I’ve never been a fan of Todd Haynes’ stuff (my wife and I still laugh at how utterly bored we were trying to watch Carol without falling asleep). In this movie, Haynes abandons the indie flicks he’s known for to tackle a formulaic courtroom drama. It’s a very interesting story, but it makes for a rather lackluster cinematic experience. On top of that, we’ve seen this story so many times before (Erin Brockovich, A Civil Action, Silkwood, etc.).
Mark Ruffalo produced and stars, as Robert Bilott, who was recently made partner at his law firm, and is visited by an angry farmer (Bill Camp). This leads him to decide to fight DuPont over how the manufacturing of Teflon was poisoning animals near his farm, and people. That means we get to watch the underdog lawyer, dealing with a tough but understanding boss (Tim Robbins), and a frustrated wife (Anne Hathaway).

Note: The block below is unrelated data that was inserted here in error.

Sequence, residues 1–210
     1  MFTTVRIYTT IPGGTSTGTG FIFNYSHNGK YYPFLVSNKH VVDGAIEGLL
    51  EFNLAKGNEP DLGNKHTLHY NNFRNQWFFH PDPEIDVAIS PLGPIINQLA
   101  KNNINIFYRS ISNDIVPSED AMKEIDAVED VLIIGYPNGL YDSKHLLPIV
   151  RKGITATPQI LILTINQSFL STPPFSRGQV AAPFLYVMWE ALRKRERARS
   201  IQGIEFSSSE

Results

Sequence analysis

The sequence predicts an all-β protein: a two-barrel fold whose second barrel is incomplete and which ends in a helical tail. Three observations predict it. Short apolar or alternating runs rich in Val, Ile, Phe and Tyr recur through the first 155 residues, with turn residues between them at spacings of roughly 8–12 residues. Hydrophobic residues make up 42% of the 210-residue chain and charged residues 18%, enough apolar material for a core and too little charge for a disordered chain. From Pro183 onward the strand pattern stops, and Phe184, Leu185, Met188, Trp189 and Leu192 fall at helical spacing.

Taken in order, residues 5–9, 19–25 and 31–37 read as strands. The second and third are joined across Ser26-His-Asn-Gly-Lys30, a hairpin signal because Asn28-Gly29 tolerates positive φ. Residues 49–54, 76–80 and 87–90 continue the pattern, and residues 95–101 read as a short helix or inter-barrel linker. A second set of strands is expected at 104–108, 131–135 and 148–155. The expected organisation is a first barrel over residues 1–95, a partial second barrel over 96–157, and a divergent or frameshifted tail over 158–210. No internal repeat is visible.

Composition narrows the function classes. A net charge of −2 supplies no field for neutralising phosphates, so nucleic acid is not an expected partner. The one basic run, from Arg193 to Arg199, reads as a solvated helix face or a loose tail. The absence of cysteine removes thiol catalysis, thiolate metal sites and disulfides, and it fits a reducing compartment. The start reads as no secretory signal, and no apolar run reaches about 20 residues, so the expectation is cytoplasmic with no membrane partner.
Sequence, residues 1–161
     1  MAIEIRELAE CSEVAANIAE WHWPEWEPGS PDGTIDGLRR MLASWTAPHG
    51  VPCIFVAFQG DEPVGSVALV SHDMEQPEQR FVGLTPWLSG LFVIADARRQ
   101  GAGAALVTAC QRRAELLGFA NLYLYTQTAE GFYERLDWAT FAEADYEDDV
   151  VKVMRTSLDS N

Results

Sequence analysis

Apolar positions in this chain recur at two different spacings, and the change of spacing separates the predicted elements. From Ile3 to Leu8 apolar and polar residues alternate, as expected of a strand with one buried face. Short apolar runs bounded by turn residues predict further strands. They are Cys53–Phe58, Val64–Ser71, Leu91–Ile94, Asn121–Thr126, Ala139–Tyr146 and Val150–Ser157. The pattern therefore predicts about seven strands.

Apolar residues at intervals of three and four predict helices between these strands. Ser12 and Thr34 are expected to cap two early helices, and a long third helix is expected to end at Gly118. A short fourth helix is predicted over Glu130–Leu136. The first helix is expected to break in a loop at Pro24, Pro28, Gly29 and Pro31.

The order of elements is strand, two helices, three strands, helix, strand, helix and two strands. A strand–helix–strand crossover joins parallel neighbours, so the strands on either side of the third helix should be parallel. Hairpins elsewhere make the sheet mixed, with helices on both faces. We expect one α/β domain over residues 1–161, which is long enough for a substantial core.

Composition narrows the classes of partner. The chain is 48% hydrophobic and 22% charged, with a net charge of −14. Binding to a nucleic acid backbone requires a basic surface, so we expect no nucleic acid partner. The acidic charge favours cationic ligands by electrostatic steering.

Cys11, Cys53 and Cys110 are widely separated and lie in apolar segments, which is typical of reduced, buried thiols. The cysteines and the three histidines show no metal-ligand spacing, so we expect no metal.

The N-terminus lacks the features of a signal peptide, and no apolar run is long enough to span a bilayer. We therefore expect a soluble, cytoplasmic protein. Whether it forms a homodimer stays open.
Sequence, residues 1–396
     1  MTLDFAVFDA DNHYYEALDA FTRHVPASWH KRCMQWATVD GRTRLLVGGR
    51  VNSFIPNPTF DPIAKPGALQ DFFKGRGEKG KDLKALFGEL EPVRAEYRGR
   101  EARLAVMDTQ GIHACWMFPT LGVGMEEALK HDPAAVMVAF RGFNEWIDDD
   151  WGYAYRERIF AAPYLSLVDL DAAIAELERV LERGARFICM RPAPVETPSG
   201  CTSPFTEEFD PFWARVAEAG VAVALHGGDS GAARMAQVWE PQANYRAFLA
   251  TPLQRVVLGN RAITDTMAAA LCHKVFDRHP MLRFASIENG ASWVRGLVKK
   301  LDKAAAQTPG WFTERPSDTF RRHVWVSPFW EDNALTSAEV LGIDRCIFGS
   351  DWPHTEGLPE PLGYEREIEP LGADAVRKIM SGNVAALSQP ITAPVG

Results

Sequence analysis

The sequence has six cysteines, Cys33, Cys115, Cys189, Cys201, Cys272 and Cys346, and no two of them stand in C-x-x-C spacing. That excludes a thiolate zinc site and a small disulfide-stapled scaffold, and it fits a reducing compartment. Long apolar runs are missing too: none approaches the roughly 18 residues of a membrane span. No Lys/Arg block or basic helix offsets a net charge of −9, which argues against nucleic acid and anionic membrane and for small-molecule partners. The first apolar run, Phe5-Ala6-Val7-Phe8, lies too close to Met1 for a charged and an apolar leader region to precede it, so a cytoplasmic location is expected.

You’ll get that typical scene where the paranoid character is reluctant to start his car, for fear it will explode (we just had that same scene in The Irishman, where it made a bit more sense, as mobsters kill people with bombs, DuPont doesn’t).
There were times the movie was compelling, and interesting information is presented. Other times, I was just wondering why Ruffalo had weird facial expressions that made me think he was constipated from craft services.
I’ve stated before, how I hate the same songs used in movies. John Denver’s “Take Me Home, Country Roads” is one of those songs, but at least it’s being played here, in a movie that is taking place in West Virginia. The film gets bonus points for using the very appropriate cover of “I Won’t Back Down” by Johnny Cash, to close out the film.
Dark Waters, which sounds like a Pink Floyd/Roger Waters album title (sorry, movie titles have been bugging me lately), is not the most intriguing cinematic experience. You’re better off just reading the story online. The closing credits gave us interesting updates on what happened to these cases.
2 stars out of 5.